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    I got my love for the long tour style of camping trip because that's what we did every summer when I was a kid. We drove from St. Paul, Minnesota all over the western U.S. These trips were three weeks long because that's how much vacation my dad had to use. So, that brings up a critical point for your questions. If you want to drive from Florida to Arizona and back, how much time do you have?

    It's somewhere around 2,600 miles from central Florida to the South Rim of the Grand Canyon. At 400 miles a day that's 13 days of driving, 6.5 days out and 6.5 back. Pushing to 500 miles a day it's still 10.4 days of driving -- and that's just to see the canyon. There are many other wonderful things to see along the way and it would be a shame to miss them. IMO, you'd need at least three weeks to do this trip and have time to actually enjoy being at the places you want to see -- and a month would be much better.
     
  13. speckhunter80

    speckhunter80 Well-Known Member

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    wolfman,
    Interesting itinerary. I have been planning a make believe trip to the Badlands, Yellowstone by way of St. Louis from here on the coast of NC. Be a along time before we will do it if ever as the wife can not get the time off. But with having to take down the camper and put it back up after finding a site, I am trying to limit the travel distances to 400 miles or about 6.5 hours a day. I see you have 10 and 12 hour road trips. HOW???
     
  14. Dammitjim

    Dammitjim New Member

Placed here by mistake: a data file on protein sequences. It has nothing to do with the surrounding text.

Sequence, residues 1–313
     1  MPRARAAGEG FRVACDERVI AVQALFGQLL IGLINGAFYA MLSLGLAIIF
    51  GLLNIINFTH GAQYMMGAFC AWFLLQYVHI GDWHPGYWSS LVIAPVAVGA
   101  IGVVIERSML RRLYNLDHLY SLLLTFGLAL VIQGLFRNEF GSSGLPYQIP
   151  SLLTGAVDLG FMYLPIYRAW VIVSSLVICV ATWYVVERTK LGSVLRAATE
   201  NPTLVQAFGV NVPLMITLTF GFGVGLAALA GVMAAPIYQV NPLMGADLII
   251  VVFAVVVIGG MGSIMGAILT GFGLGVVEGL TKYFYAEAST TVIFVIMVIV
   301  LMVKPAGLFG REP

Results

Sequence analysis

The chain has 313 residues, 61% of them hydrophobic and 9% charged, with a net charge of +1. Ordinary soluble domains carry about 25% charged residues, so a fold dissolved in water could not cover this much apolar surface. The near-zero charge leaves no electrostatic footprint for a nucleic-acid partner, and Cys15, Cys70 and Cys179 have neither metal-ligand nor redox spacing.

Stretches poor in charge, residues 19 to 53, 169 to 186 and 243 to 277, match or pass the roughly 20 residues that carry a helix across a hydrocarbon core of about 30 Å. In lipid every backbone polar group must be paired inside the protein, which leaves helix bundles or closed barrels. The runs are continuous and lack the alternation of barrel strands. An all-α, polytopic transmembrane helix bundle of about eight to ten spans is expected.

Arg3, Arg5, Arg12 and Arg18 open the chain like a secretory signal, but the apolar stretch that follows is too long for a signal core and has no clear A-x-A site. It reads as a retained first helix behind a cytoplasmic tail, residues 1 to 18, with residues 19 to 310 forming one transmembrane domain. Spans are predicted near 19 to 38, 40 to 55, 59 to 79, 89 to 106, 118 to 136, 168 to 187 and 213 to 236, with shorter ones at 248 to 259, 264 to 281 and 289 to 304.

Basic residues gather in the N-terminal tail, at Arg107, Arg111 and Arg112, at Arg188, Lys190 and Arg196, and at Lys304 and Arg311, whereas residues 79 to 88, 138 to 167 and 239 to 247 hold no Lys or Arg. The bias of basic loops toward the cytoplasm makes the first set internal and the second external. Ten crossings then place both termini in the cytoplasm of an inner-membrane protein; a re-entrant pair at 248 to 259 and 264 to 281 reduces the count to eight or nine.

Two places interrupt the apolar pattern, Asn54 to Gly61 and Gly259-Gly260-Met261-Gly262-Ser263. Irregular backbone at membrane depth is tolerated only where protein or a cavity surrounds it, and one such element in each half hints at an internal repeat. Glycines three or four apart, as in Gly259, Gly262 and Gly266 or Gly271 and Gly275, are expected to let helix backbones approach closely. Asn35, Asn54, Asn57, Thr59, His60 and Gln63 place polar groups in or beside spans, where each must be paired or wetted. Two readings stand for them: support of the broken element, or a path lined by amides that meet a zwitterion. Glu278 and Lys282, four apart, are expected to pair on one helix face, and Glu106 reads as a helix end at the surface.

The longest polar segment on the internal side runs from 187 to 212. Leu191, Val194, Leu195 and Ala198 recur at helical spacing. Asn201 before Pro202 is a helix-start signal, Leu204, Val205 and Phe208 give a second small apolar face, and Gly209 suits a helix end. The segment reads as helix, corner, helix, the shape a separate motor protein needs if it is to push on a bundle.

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    Those are good questions; however, at least wolfman has given me a general idea of what to look for...
    I like everyone's feedback... I agree that I might have to wait (also because I should probably upgrade TVs to something more powerful) besides waiting for the young ones to turn 4 or so. It's just such a neat idea to get to know our great country... no interstates.. just rural roads.. so many people to meet, so many things to learn, so many things to enjoy. I'll keep dreaming for now, but hopefully we'll make a long trip soon (maybe when I take a sabbatical or something) LOL
     
  15. Unstable_Tripod

    Unstable_Tripod Well, there's your problem!

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    It's true that 400 miles divided by 60 mph is 6.6 hours but in my experience driving 400 miles takes longer. Most people don't drive the whole 400 miles without stopping. You have to get gas, eat and use the restroom. Most "experts" will tell you that it is best to get out and stretch/walk around for 10-15 minutes every two hours. I combine those two things. Then there is the issue of road construction and other areas (especially in the mountains) where you can't go 60 mph. In the end, my experience is that 400 miles takes closer to 8 hours than 6.6.